Open Letter - structural problems with Workers Compensation rating

Dear Governor Brown, Commissioner Jones, Mayor Schaaf:

Small business owners in Oakland, along with peers in certain other California cities, are on the forefront of a wave of increasing wages and other costs which together put the future of our businesses in jeopardy.  This is creating problems in several areas, some of which are dictated by state law or agencies.  Workers Compensation Insurance is one which needs immediate attention.

Workers compensation is a significant cost for restaurants, accounting for tens of thousands of dollars in annual expense for a medium-sized operation.  There are several structural problems which are creating disproportionate increases in cities like ours, many of which are related to rapidly increasing wages:

Minimum wage increases are creating unfair increases in premiums with no increase in risk

As minimum wage increases, restaurant workers (who are heavily tip-compensated) are getting significant raises.  The average cost for our employees in 2016 is 15%-30% more than in 2014.  Workers comp risk hasn’t increased for those workers, but today, we’re paying decidedly more than we were for the same insurance.

Regional rating means that higher-wage cities are subsidizing premiums for neighboring lower-wage cities

Since minimum wages vary widely between cities, and since workers comp rates are generally set by region, here in Oakland we are effectively subsidizing the risk for surrounding cities with lower wage structures.  Employees doing the same work with the same risk exposure in San Leandro are insured for significantly less premium.  This isn’t fair to higher-wage-paying employers.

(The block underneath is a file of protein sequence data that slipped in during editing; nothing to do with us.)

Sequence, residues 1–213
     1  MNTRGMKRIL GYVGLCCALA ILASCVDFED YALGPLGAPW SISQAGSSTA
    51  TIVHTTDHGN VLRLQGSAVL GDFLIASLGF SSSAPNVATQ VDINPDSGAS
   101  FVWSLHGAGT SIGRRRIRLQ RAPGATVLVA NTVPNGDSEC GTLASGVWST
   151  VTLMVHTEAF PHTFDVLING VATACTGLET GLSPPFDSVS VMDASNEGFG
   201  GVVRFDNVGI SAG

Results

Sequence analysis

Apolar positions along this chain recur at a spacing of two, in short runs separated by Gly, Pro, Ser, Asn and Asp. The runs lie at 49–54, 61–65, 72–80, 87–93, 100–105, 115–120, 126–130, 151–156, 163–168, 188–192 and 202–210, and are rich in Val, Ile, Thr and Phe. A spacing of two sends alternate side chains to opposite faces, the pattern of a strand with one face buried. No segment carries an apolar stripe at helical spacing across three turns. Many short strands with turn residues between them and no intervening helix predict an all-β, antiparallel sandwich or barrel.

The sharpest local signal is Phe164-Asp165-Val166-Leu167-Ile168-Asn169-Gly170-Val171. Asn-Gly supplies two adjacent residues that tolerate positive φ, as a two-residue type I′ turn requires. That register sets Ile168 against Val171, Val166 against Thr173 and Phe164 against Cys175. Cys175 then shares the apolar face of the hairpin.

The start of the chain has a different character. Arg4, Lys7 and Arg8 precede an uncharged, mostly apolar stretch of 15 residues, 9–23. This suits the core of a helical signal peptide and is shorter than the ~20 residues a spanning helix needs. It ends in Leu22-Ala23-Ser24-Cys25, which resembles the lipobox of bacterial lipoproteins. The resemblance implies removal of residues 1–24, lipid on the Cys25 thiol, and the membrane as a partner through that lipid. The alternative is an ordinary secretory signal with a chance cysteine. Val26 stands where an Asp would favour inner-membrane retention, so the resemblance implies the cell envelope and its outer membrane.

Settling of fraudulent claims penalizes employers unfairly

Many of us have experienced workers compensation claims which were settled without merit - we’ve seen claimants and their unscrupulous attorneys claim injury where there was none, claim inability to work when the claimants have been observed to be able-bodied and working, and have seen claims expand to include wage and other employment disputes, again without merit, solely to create more leverage for settlement.  The decision to settle these claims is made by our insurers, in the interest of closing the claim as quickly as possible.  But we pay the penalty in the form of greatly increased rates and inability to take our business to another company if we’re unhappy.

We’re looking forward to establishing a dialog about how to address some of these structural problems to help protect our own small businesses and continue to support small entrepreneurship as the important social value we believe it is.